Do You Have a Water Smart Home?
Certify your house as a Water Smart Home
This free home water survey will score your home’s water use efficiency and identify potential water savings needed. Recommendations will include money- and water-saving rebates and no-cost activities that can help you become more water efficient.
The free surveys can be whole home (indoor and outdoor) or outdoor only. Click here
for guidelines and application
It Pays to be WaterSmart
The current rebate for Weather-Based Irrigation Controllers is up to $380. These devices, we call “Smart Timers” can help save more than 13,500 gallons of water per year for the average homeowner This is done by the system automatically adjusting the irrigation schedule to account for weather changes. The $380 rebate assist in 50 percent or more of the cost of the controller, depending on its make and model. The controller rebate application can be found online at www.socalwatersmart.com
. Rebate funding is limited and subject to availability. Take a look at a recent "Smart Timer" installation.
2013-2014 Annual Report
Water Use Efficency and Water Quality Improvements
An overview of public outreach programs and projects. [view report
California Friendly Landscaping Resource
The link below offers a variety of native and California Friendly plants that are suited to southern California's semi-arid climate and require very little water. Click here
to view a listing of these resources.
5 Easy Steps to Setting Your Irrigation Controller
Top 10 Tips for the Home Gardener
- Water infrequently, deeply and thoroughly - Most lawns need about 3/4 to 1 inch of water once per week, or once every two weeks when the weather cools. Infrequent but deep watering will encourage deep rooting, healthier and hardier plants with a greater tolerance for drought.
- Water at the right time of day - Water early in the day, especially in warmer weather, when evaporation rates are lowest.
- Watch your lawn rather than a calendar - Your lawn needs watering when:
- Grass blades are folded in half
- Grass blades are blue-gray
- Your footprint remains on the lawn
- If water restrictions are in effect, adapt your watering to fit the restrictions.
- Too much water can hurt plants - over-watering creates shallow roots, making plants more vulnerable to disease and pests, as well as drought.
- Drip or micro-irrigation systems save water - These systems deliver water to the root of plants, and much less is lost to the atmosphere.
- Mulching - Adding mulch helps to keep water in the soil around plants. At least two inches is suggested around shrubs, trees, annuals and vegetable and flower gardens.
- Remove Weeds; Add Native Plants - Weeds or other unwanted plants use water. Removing them means more water for the plants you want. Native plants are adapted to our rainy and dry seasons, and offer habitat to area wildlife.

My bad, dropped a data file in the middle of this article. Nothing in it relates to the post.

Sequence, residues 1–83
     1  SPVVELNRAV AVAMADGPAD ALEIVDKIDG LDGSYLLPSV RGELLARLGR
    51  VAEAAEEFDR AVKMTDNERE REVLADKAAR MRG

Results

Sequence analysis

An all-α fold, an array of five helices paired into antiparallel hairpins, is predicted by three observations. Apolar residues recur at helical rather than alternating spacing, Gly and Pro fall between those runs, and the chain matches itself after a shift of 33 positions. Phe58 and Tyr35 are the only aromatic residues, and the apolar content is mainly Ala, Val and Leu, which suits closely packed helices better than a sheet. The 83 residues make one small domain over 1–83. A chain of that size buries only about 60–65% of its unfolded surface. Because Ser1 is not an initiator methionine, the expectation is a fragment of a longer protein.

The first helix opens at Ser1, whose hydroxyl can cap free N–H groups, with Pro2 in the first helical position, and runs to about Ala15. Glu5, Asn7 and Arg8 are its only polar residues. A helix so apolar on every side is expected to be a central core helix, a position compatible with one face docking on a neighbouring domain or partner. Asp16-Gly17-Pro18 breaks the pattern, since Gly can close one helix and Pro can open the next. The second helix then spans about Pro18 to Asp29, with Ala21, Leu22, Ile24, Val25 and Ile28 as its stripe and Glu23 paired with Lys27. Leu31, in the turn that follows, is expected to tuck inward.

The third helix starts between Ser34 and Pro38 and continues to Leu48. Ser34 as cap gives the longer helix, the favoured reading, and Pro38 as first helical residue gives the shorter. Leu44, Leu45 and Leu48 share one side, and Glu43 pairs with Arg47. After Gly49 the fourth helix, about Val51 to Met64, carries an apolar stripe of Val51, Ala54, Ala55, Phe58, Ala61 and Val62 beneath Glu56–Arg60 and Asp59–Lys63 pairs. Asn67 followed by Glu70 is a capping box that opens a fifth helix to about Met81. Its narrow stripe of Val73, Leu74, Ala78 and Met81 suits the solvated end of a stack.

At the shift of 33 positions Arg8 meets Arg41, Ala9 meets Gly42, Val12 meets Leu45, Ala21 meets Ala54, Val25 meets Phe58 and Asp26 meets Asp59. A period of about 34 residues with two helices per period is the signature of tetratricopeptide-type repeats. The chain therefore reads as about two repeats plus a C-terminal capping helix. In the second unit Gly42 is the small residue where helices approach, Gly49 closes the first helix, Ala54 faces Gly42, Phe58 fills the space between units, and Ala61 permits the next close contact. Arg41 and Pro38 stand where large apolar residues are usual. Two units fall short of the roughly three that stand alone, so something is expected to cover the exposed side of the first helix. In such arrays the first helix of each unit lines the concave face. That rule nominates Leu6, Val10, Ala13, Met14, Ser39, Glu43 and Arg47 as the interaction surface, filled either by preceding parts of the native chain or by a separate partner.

- Install a rain sensor - This recognizes when nature brings the water your lawn needs, and shuts off automatic sprinklers.
- Adjust your lawnmower blades - Most lawns are healthiest when blades are 2 1/2 to 3 1/2 inches long. Longer blades shade the soil, and keep in water.
- Keep lawnmower blades sharp - Clean, sharp cuts cause less trauma to grass blades, making the grass more resistant to disease.
Did you know that Newport Beach has three municipal codes regulating the use of water? Before you decide to clean that patio or re-landscape your yard please familiarize yourself with the water saving and water quality codes.
Water conservation is a way of life here in Southern California, and not just in dry years. It has now become imperative that we make permanent changes to the way we use water, and it’s critical for us to look at every aspect of our lives for places to conserve. Currently, the city is asking for a voluntary 10% reduction in water use. A good place to start saving your 10% is outside the home where more than half of all household water is used for landscaping irrigation. By cutting outdoor watering by just one day per week you can help save water one drop at a time. Collectively we can make a huge difference in the amount of water we save. As an added side benefit, our lawns will be happier and healthier too!
WHEN THE RAIN COMES
We have been fortunate enough to get a host of storms this winter. However, we have to keep in mind that our water worries are far from over. Another dry summer is in the forecast. Although, Newport Beach has done a pretty good job in conserving water, Orange County as a whole needs to be very conscious of conserving and not using up our water reserves. All of the water supply gains we have made this winter can be drastically reduced by regulatory efforts and the anticipated summer dry conditions. Take a look at the information above and the "outdoors" tab on the menu bar for some good water saving tips.
REDUCING OUR WATER USAGE
The City of Newport Beach urges everyone to reduce their water use by volunteering to reduce by10%. If we each do a little, we can all make a significant difference.
REBATES AND MORE INFORMATION
The City Newport Beach offers several Water Use Efficiency Programs for residential and commercial appliances and devices. For more information on how you can cut your water use, please select the rebates
tab on the menu bar or call us at 949-644-3214.